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the eggs of birds, primarily domestic, used as human food. Eggs consist of the yolk, white, membranes, and shell. Goose eggs weigh 110–180 g, turkey eggs about 110 g, chicken eggs 55–65 g, guinea fowl eggs 45 g, and quail eggs 8–10 g.
The eggs most often used fresh are from chickens. They contain virtually all the substances necessary for human nutrition: protein (about 12.5 percent), fats (about 12 percent), minerals (calcium, phosphorus, magnesium, potassium, sodium, iron, and others), and vitamins (A, D, E, K, and others). The nutrients are almost completely assimilated by the human body. The caloric value of 100 g is about 160 kilocalories.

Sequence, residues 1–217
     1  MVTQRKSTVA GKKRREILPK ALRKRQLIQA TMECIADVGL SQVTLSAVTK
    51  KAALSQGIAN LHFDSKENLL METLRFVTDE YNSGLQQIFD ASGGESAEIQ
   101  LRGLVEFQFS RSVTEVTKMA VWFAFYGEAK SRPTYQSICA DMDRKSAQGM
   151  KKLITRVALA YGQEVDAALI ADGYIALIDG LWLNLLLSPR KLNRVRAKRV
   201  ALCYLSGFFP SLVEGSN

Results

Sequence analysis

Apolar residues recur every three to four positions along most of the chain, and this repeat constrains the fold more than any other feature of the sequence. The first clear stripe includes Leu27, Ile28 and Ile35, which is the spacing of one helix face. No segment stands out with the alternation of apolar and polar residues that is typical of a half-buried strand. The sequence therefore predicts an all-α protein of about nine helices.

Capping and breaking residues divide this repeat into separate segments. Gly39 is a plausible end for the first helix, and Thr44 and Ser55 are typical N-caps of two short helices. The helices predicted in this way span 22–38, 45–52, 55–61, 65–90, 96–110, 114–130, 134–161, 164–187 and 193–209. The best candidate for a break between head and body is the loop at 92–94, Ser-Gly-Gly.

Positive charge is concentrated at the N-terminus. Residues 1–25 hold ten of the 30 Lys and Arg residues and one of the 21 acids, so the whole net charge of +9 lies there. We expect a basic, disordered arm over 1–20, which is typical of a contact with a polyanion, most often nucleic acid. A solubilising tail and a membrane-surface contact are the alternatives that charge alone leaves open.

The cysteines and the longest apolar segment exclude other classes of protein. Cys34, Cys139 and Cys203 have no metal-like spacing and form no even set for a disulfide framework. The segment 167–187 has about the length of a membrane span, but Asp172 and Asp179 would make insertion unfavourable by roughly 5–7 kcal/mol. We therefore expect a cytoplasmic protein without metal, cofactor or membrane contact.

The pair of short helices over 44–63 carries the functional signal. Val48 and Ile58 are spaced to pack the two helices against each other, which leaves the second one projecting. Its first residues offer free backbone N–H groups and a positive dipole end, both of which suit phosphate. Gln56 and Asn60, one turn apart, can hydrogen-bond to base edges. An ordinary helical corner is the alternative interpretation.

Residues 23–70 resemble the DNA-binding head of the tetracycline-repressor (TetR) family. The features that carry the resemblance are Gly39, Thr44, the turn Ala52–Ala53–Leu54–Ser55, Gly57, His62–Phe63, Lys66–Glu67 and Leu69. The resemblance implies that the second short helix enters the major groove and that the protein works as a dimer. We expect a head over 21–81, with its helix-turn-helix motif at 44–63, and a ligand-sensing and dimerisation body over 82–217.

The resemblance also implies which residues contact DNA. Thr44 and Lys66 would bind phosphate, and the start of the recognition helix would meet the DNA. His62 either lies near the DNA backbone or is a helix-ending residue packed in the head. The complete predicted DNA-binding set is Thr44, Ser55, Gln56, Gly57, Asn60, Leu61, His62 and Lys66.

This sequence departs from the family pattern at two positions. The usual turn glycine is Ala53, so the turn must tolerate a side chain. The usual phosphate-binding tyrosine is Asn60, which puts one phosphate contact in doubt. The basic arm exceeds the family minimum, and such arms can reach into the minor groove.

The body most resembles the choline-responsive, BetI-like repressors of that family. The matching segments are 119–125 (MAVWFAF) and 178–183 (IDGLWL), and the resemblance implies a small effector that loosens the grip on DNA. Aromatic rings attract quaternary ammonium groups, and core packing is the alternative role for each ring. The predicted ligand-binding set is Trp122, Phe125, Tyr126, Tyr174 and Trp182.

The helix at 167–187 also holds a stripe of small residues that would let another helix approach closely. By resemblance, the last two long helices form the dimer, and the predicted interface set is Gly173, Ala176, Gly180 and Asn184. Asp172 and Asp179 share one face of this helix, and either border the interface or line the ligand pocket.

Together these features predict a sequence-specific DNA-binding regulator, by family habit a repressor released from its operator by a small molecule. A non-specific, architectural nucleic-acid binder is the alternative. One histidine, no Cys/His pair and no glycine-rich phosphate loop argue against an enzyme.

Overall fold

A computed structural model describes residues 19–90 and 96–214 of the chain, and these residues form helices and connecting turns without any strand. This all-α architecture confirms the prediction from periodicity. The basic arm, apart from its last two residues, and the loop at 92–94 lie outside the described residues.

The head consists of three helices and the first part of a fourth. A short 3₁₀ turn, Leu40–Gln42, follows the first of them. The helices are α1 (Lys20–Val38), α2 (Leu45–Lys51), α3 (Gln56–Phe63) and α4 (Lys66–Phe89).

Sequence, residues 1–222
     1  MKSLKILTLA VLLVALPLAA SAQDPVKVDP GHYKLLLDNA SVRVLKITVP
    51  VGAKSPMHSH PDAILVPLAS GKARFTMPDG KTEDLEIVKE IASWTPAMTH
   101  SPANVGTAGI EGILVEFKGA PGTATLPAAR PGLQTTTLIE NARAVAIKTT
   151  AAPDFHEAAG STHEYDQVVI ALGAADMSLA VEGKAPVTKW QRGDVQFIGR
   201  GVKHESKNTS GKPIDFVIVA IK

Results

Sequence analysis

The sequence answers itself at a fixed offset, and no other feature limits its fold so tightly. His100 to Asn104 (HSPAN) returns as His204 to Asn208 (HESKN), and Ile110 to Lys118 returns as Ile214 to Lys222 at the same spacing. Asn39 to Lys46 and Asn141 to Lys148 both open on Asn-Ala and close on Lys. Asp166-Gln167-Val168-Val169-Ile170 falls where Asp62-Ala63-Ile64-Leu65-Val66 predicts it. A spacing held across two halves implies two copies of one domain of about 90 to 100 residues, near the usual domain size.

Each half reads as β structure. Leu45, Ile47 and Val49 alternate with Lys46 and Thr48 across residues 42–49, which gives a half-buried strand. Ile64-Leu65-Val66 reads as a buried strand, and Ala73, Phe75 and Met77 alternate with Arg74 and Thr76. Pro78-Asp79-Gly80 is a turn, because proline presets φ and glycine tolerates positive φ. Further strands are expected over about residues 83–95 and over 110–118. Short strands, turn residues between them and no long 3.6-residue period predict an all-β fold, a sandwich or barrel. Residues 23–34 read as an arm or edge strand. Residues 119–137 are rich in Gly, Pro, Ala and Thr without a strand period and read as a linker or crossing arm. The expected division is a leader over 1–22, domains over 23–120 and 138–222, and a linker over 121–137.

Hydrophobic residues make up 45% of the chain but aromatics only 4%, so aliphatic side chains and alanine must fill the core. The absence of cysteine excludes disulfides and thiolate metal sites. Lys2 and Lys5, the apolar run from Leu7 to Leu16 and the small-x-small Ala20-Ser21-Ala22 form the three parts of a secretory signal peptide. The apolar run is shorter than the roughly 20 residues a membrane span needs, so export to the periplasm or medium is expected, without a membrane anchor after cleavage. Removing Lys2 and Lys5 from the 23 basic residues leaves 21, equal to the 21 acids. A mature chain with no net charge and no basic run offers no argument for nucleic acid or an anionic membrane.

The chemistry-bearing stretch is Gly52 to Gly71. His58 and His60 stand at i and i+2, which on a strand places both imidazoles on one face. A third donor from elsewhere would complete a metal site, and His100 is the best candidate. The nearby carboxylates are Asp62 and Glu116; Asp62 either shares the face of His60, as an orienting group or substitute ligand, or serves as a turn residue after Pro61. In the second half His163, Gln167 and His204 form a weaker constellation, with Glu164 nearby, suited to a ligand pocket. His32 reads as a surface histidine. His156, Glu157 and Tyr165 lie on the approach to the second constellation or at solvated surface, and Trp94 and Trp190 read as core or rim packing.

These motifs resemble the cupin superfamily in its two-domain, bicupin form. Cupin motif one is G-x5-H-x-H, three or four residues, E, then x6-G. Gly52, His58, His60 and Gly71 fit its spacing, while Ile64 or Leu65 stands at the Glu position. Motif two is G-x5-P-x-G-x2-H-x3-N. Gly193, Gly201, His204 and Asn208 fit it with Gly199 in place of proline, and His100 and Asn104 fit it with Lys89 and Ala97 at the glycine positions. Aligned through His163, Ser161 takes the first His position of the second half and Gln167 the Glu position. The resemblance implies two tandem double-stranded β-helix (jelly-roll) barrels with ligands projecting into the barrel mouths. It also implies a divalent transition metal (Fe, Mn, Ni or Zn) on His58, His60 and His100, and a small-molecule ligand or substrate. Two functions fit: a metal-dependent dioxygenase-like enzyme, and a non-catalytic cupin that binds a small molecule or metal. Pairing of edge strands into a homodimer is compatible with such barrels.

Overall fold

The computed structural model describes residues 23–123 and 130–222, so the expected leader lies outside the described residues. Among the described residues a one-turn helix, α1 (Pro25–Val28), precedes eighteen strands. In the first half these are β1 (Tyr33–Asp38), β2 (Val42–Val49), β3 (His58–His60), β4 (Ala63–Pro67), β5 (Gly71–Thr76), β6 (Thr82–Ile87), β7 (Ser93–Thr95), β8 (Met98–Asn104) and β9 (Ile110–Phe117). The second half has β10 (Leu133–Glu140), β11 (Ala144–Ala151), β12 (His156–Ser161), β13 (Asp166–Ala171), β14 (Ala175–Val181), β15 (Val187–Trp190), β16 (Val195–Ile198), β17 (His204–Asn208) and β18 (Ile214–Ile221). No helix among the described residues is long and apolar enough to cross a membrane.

Chicken eggs are divided according to weight, storage length, and quality into dietetic eggs, table eggs, and reject eggs. Dietetic and table eggs are classified by weight and quality into two grades. For convenient transport and storage, fresh eggs are mixed, pasteurized, and frozen or powder dried (see).
The eggs of other types of fowl are used mainly by the processing industry.